It us standard on most post war prop airliners, the Connie or the B377 Stratocruiser come to mind.

 

Very useful for manually leaning out the mixture in cruise setting. It is actually the the most important gauge, as you adjust MAP, mixture and rpm after deciding your torque.

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13 minutes ago, SliderCDN said:

Veeeeeery few aircraft utilize leak of peak, it's very damaging to engines not made for such operation. In general, it's 50-100F rich of peak.

 

When I fly trainers (fourbangers, not more advanced sixbangers like in that A36 Bonanza), I lean all the time. In those airplanes, you typically don't even have an EGT or CHT indication.

There, you'll just lean until the RPM just about starts to drop and then again going forward slightly with the mixture. That creates an interesting surprise for the CFI or passenger when you're a bit hamfisted and shut down the engine in-flight for a second, or two... You'll even lean the hell out of those engines on the ground, so your spark plugs aren't fouling up.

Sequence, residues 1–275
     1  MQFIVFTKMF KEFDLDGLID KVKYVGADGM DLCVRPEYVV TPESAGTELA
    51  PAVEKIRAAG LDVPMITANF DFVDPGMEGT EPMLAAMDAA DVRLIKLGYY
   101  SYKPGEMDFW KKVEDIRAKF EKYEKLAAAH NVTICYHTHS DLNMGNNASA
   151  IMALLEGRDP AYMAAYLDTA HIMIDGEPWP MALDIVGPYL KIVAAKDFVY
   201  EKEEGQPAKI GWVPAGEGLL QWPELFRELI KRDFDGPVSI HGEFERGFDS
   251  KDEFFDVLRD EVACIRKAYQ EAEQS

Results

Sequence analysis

Fun fact: The Piper Malibu (until the 1988 or 1989 production year) had a Continental 310HP that liked LOP operation, while the following models with the 350HP Lycoming don't like it at all. The earlier Malibus will cruise at about the same speeds, but will eat about 7-10 gph less fuel.

3 minutes ago, ZachariasX said:

It us standard on most post war prop airliners, the Connie or the B377 Stratocruiser come to mind.

 

But didn't they all have turbo-compound engines anyway?

The torque-gauge might be related to the compounds, n'est-ce pas? 🤔

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8 minutes ago, Bremspropeller said:

But didn't they all have turbo-compound engines anyway?

The connie had two stage superchargers. Critical altitude some 22k ft IIRC. The Stratocruiser is turbocharged (like Thunderbolt) and you can go up to 28k ft, where the turbo bearing temp gauges become the things to watch.